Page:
The Indian connection in Facebook’s whistleblowing case


For the hundredth time, Facebook has come under fire for engaging shady strategies to keep users addicted to its platform after a whistleblower told US lawmakers that the social media giant fuels division, harms children, and urgently needs to be regulated, drawing pledges Congress would take up long-delayed action.

On Tuesday, October 5, Mark Zuckerberg hit back at claims, saying the claim the company puts profits over safety is “just not true.”

The testimony by ex-employee Frances Haugen has fueled one of Facebook’s most serious crises yet. Haugen testified on Capitol Hill after she leaked reams of internal research to authorities and The Wall Street Journal.

The documents submitted by Haugen reference research and findings by Facebook’s own researchers. Among those, some related to India, referencing what they said were fear-mongering and dehumanizing content promoted by Facebook accounts purportedly believed to be either run by or associated with the Rashtriya Swayamsevak Sangh (RSS), the ideological fountainhead of the ruling Bhartiya Janata Party (BJP).

“RSS (Indian nationalist organization Rashtriya Swayamswvak Sangh) Users, Groups, and Pages promote fear-mongering, anti-Muslim narratives targeted pro-Hindu populations with V&I (violence and inciting) intent…,” says the complaint filed with the SEC.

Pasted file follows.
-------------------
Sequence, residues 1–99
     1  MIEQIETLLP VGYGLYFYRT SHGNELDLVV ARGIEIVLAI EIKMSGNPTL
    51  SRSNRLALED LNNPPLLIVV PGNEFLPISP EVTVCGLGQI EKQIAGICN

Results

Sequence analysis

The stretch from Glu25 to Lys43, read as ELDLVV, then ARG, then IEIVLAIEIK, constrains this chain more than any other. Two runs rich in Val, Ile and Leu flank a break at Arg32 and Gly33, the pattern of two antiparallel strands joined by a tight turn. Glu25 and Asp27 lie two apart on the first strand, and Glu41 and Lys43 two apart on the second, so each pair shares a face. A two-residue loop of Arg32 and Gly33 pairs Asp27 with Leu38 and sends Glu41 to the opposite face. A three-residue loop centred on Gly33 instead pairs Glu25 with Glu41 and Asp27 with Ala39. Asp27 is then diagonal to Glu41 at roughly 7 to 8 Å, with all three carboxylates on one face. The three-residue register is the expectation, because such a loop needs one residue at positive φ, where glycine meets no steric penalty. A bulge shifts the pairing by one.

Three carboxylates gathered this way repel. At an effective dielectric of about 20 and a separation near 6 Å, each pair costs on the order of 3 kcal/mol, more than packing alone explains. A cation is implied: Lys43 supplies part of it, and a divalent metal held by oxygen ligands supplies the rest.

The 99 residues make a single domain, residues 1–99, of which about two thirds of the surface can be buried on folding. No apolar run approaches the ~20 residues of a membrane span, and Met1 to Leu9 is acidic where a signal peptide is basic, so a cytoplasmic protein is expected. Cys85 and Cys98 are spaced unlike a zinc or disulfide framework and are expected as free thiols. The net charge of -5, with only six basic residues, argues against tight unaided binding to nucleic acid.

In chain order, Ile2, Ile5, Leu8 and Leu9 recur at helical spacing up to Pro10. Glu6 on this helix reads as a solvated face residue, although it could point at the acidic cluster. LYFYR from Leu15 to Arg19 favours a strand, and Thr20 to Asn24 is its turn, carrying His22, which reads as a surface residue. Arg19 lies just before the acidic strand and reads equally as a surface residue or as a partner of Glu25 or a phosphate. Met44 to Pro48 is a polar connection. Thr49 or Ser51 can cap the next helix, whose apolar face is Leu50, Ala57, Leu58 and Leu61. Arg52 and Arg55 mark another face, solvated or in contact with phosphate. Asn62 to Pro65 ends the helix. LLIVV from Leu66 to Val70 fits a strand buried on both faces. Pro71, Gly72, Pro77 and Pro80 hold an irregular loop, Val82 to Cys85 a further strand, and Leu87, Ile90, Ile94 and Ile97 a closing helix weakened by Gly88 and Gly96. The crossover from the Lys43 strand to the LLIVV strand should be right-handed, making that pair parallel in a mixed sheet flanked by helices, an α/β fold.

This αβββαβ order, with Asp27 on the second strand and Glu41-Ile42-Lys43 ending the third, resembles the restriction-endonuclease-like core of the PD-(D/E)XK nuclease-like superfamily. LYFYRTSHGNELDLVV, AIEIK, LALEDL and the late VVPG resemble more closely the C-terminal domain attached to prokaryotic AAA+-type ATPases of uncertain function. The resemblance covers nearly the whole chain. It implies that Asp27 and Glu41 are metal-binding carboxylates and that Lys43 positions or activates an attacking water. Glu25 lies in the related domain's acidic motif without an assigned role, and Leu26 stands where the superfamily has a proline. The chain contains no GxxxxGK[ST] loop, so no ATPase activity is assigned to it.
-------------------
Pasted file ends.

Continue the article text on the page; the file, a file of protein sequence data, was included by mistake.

The BJP and the RSS did not respond to queries seeking comment.

An “Adversarial Harmful Networks – India Case Study” cited in one of the documents quotes the author of the report as saying: “…and we have yet to put forth a nomination for designation of this group given political sensitivities”.

The document also shows that the categorization of India is in “Tier 0” alongside only the US and Brazil as what the company calls “Top 3 Political Priorities”.

Only 0.2% of the reported hate speech is taken down by automated checks, according to the documents cited, which also flags a lack of language classifiers, which will be able to check for translations as well.

The complaint says that Facebook’s internal records show how this problem of lack of Hindi and Bengali classifiers meant much of the reported content, particularly the anti-Muslim narrative, was never dealt with or flagged by the systems.

Facebook has over 340 million users in India, which makes for a large demographic of its 2.89 billion monthly active users globally.

Classifiers are automated systems and algorithms that are designed to detect hate speech in the content on Facebook.

Facebook has faced allegations of inaction against content posted by certain groups in India. The Wall Street Journal (WSJ) last year cited an internal report and said it termed Hindu nationalistic group Bajrang Dal a “dangerous” organization. But the company did not act on the report because of financial and safety concerns, the report said.

The controversy then grew to spotlight the role of the India policy team and its then head Ankhi Das. Facebook and Das maintained there was no wrongdoing at the time. Das subsequently left the company.